I also reject petitioner's contention that the appointment of former Judge Ellen Rosenblum as a judge pro tempore in his 1991 criminal case, without the requisite circuit court oath of office, produced a "jurisdictional defect of such magnitude that it is greater than mere denial of counsel." At the time of trial, Ellen Rosenblum was a district court judge. Oregon Blue Book 1989-90 at 165. At that time, Oregon law required district judges to take the same oath of office as circuit court judges. See Former ORS 46.620 (1989). Former ORS 1.615(2) (1989), in turn, did not require a district judge appointed to serve as judge pro tempore of the circuit court to take an additional oath of office.

In sum, under then-existing Oregon law, former District Court Judge Rosenblum took the same oath of office as a circuit judge. Accordingly, her alleged failure to file an additional oath upon her appointment as judge pro tempore of the circuit court was of no import under state law. Further, petitioner has made no showing that Judge Rosenblum's failure to take a circuit court oath of office at the time she was appointed as judge pro tempore of the circuit court resulted in the violation of his rights under the federal constitution. Cf. Harrington v. Hill, 2005 WL 3244325, *2 (D.Or. Nov. 29, 2005) (oath of office taken by Oregon judges omitting phrase prescribed by state constitution does not violate U.S. Constitution); Brazille v. Hill, 02-1696-MA Order (#11) at 3 (explaining that the U.S. Constitution requires only that state judges be bound by an oath or affirmation to support the Constitution). Finally, even if it is assumed that Rosenblum's oath was absent or otherwise constitutionally deficient, I reject petitioner's assertion that such a defect is commensurate with, or of a greater magnitude" than, the denial of counsel.

• Exception Two: State Court Refuses to Rule on Properly Presented Constitutional Claim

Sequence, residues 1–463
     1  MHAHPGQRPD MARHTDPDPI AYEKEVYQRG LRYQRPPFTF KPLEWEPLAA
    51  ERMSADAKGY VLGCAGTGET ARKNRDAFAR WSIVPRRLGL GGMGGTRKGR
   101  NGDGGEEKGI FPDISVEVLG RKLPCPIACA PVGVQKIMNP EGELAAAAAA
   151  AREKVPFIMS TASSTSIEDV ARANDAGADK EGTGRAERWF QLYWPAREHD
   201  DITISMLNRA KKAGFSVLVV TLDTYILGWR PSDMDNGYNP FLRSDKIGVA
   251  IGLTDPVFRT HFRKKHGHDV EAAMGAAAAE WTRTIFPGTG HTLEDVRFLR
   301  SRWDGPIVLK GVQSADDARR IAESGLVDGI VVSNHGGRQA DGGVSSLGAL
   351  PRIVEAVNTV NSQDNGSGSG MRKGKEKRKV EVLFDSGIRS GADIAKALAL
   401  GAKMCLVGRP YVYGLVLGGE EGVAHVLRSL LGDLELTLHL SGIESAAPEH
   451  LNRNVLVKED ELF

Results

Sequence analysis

Petitioner has made no showing that an Oregon court, without justification, refused to rule on a constitutional claim properly before it. In this regard, petitioner's assertion that the state court decision in State v. Jacob, 208 Or.App. 62, 145 P.3d 212 (2006), aff'd., 344 Or. 181 (2008) (reviewing the imposition of petitioner's 30-year gun minimum sentence), is "objectively unreasonable" and premised upon "fraudulent facts and misinformation, " does not satisfy this exception because petitioner is attacking the correctness of the state appellate decision, not the state courts' refusal to render a decision.[2]

• Exception Three: Discovery of Compelling Evidence of Actual Innocence That Could Not Have Been Uncovered in a Timely Manner

Petitioner has made no showing that there is compelling new evidence demonstrating that he is actually innocent of his 1982 or 1991 convictions, which could not have been uncovered earlier. In this regard, the court notes that on direct appeal from resentencing, petitioner argued that the affidavit of Inmate Earl Douglas Wilkins (attesting that petitioner did not have a gun during the 1982 robbery) proves that he is actually innocent of the 1983 gun inimum. Resp. Exh. 118, Exh. A. This evidence, however, is neither new nor compelling. Petitioner previously conceded that this evidence could have, been presented at trial. Resp. Exh. 116 at 40-41. Moreover, it is not compelling in light of the fact that it is offered 16 years after the offense by an inmate who is serving a life sentence without the possibility of parole. See Wilkins v. Premo, 6:11-cv-889-KI, Petition (#2) & Amended Petition (#30).

Petitioner offers no other basis to support a conclusion that he cannot be faulted for failing to obtain timely review of his prior 1982 and 1991 convictions and gun-minimum sentences.. Accordingly, habeas relief is not warranted.

CONCLUSION

Based on the foregoing, petitioner's third amended habeas petition (#68) is DENIED, and this proceeding is DISMISSED, with prejudice. Petitioner's request for an evidentiary hearing is DENIED. Because petitioner has not made a substantial showing of the denial of a constitutional right, a certificate of appealability is DENIED. See 28 U.S.C. § 2253(c)(2).

IT IS SO ORDERED.